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Preemie Baby

Brain food for preemies

Preemie Baby

Babies born prematurely – before 37 weeks of pregnancy – often have a lot of catching up to do. Not just in size. Preterm infants typically lag behind their term peers in a variety of areas as they grow up, including motor development, behavior and school performance.

New research suggests one way to combat this problem. The study, led by Children’s researchers and presented during the Pediatric Academic Societies 2018 annual meeting, suggests that the volume of carbohydrates, proteins, lipids and calories consumed by very vulnerable premature infants significantly contributes to increased brain volume and white matter development, even though additional research is needed to determine specific nutritional approaches that best support these infants’ developing brains.

During the final weeks of pregnancy, the fetal brain undergoes an unprecedented growth spurt, dramatically increasing in volume as well as structural complexity as the fetus approaches full term.

One in 10 infants born in the U.S. in 2016 was born before 37 weeks of gestation, according to the Centers for Disease Control and Prevention. Within this group, very low birthweight preemies are at significant risk for growth failure and neurocognitive impairment. Nutritional support in the neonatal intensive care unit (NICU) helps to encourage optimal brain development among preterm infants. However, their brain growth rates still lag behind those seen in full-term newborns.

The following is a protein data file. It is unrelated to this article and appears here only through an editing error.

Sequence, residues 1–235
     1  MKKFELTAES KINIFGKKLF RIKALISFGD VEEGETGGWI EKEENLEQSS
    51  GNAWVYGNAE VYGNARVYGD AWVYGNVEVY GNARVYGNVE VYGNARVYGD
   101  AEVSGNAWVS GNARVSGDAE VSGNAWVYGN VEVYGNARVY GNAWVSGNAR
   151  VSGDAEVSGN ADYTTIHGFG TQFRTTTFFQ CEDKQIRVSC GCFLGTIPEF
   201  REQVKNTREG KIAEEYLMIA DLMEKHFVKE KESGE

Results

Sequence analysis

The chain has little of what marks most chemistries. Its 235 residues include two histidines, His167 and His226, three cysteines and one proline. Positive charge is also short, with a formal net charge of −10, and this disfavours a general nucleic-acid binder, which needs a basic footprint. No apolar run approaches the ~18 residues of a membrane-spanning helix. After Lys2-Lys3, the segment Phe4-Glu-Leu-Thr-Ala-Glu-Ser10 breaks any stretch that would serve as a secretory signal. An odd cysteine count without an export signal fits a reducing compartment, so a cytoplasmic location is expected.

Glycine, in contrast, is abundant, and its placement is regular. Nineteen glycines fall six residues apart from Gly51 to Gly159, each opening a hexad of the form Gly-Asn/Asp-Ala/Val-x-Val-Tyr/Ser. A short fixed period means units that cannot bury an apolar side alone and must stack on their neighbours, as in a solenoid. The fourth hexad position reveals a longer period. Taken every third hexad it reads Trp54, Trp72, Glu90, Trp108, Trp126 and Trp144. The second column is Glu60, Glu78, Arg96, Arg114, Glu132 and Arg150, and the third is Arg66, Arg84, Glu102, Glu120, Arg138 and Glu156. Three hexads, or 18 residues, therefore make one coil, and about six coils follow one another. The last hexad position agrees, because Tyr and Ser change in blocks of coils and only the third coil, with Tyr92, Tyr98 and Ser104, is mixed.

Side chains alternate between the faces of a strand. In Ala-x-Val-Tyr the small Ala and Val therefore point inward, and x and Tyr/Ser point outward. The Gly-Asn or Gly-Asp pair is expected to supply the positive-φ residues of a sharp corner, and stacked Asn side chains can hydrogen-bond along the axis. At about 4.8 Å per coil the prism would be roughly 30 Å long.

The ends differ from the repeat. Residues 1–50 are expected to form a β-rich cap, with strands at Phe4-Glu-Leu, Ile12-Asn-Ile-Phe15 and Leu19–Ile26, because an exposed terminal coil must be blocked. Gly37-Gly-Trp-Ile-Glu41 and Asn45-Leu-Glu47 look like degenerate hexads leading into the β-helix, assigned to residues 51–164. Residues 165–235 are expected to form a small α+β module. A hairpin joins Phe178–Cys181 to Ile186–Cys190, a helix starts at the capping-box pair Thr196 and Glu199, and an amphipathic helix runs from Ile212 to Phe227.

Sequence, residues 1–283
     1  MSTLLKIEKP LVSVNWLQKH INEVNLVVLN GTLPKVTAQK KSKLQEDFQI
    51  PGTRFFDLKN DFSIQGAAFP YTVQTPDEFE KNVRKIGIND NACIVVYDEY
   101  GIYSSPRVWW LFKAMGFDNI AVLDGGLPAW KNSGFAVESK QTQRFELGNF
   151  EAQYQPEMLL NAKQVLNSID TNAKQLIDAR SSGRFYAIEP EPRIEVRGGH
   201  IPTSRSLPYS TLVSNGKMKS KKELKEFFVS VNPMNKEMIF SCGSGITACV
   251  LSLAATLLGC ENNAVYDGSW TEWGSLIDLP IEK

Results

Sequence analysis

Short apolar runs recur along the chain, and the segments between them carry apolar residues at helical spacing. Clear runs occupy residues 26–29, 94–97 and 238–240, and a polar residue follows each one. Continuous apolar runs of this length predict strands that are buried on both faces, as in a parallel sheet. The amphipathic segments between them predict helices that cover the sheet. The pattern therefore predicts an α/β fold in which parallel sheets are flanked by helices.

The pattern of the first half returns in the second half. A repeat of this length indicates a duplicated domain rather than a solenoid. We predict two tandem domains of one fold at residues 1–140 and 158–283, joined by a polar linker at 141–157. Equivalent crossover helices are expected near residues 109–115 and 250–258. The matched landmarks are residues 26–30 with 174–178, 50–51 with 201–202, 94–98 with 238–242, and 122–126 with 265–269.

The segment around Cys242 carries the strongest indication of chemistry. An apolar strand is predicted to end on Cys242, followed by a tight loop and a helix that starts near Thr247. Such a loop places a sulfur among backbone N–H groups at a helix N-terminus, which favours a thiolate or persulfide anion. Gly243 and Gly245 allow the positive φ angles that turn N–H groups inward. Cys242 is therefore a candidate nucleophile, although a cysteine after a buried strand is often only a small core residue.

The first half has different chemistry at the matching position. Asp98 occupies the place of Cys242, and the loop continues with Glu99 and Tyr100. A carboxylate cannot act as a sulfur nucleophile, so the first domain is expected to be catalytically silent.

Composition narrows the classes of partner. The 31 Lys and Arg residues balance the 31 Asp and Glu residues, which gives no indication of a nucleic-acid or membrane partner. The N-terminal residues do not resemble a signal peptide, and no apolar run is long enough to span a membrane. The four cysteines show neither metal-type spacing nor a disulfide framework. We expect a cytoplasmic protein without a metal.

“Few studies have investigated the impact of early macronutrient and caloric intake on microstructural brain development in vulnerable preterm infants,” says Katherine Ottolini, lead author of the Children’s-led study. “Advanced quantitative magnetic resonance imaging (MRI) techniques may help to fill that data gap in order to better direct targeted interventions to newborns who are most in need.”

The research team at Children’s National Health System enrolled 69 infants who were born younger than 32 gestational weeks and weighed less than 1,500 grams. The infants’ mean birth weight was 970 grams and their mean gestational age at birth was 27.6 weeks.